When initiating your research or academic career, a first step is to recognize your goals and to determine how and where to apply to reach those goals. This webinar covers an overview of aspects need for a successful research or academic career including research, targeting grant writing, research teams, research projects and papers, mentoring and teaching.

Recorded on 15 March 2011.

This video is part of an online lecture series coordinated by APECS, US NSF ARCSS Thermokarst Project, and the University of Canterbury to help early career polar researchers navigate their careers. For more information on the full series, visit apecs.is/webinars.

Presenter: Mike Gooseff, Hartz Family Career Development Assistant Professor, Dept of Civil & Environmental Engineering, Pennsylvania State University

Dr. Michael Gooseff earned his PhD from the University of Colorado in 2001, worked as a postdoctoral fellow at Oregon State University in 2002 and began his academic career as an Assistant Professor at Utah State University later in 2002. In 2004 he moved to the Colorado School of Mines and in 2007 he moved to the Pennsylvania State University. He has been studying polar systems since 1998. His PhD research focused on the influence of streambeds on stream water biogeochemical cycling in the McMurdo Dry Valleys, Antarctica. Since then, he has worked on additional projects in the Dry Valleys, specifically focused on the role of riparian soils and sediments and modeling ecosystem processes. Dr. Gooseff has worked in the Arctic since 2002 on projects ranging from the climate sensitivity of groundwater-surface water interactions in tundra streams to hillslope thermokarst activity on the North Slope and in the western Brooks Range of Alaska.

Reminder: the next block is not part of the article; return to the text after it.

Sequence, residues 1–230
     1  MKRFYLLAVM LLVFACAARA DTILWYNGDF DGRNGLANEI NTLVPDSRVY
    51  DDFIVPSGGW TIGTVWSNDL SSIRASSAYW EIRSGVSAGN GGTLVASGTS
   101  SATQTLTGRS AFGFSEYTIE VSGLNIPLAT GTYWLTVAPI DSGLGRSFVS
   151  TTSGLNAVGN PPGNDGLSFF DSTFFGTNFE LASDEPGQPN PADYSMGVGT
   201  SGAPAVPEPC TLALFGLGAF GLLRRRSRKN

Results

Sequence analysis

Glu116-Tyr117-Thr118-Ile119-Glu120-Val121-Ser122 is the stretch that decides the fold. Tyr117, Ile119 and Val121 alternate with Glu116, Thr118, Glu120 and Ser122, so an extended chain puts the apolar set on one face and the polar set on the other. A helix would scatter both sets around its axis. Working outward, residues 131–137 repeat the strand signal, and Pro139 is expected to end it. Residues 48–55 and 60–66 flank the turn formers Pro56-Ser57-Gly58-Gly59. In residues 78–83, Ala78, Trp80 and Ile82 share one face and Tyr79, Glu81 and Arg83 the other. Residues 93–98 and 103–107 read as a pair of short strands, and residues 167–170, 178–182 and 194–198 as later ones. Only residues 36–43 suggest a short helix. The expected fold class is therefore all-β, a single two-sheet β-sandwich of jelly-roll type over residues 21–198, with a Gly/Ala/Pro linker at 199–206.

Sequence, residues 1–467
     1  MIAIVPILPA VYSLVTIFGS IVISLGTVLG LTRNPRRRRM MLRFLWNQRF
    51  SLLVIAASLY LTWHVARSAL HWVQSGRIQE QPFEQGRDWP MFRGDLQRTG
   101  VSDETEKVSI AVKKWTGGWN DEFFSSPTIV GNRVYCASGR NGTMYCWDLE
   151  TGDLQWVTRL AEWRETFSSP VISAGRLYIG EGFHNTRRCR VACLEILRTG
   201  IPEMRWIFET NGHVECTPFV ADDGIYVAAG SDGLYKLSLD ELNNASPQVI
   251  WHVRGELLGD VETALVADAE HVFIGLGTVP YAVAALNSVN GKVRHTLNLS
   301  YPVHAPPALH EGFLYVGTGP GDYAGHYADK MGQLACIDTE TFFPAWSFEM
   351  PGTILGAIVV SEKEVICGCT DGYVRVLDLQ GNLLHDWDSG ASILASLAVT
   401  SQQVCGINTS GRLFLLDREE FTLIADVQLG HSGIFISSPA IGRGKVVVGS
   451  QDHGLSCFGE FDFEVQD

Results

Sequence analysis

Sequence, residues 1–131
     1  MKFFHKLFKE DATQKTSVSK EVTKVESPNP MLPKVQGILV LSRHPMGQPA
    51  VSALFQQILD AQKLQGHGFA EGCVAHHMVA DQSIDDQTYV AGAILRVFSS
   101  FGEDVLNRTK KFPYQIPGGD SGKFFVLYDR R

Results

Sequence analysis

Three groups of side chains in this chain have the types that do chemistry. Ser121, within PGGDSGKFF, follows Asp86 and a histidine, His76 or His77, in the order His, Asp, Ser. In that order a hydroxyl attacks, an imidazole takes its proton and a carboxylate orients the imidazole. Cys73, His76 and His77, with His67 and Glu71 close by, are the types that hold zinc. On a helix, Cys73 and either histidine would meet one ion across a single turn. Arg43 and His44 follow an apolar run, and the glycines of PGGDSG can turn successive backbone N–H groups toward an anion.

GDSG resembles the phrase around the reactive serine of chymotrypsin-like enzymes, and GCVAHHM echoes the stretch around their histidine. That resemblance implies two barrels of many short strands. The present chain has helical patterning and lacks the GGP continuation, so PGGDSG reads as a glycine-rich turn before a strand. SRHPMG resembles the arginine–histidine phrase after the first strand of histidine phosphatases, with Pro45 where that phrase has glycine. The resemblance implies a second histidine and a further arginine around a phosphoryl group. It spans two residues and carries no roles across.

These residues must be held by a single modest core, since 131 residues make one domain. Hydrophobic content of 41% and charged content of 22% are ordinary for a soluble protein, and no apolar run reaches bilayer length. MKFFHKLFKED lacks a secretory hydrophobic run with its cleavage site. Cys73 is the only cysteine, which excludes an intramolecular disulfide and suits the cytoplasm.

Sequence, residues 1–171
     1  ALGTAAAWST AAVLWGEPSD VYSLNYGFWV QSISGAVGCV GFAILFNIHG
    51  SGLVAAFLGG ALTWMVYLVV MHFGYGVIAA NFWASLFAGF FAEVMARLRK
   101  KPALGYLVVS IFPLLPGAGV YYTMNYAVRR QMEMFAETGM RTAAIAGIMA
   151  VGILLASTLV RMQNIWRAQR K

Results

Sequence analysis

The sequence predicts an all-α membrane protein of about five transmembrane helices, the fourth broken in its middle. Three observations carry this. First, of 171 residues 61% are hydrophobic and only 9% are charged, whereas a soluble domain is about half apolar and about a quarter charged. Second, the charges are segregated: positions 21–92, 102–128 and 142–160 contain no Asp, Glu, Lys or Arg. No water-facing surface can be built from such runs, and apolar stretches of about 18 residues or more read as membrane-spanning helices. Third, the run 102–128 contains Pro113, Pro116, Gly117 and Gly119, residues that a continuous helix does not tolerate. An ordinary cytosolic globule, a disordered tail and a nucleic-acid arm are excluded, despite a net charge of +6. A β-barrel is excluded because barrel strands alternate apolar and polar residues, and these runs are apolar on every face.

Dr. Gooseff is currently the Secretary of the Hydrology section of AGU and serves on the editorial board of Eos.

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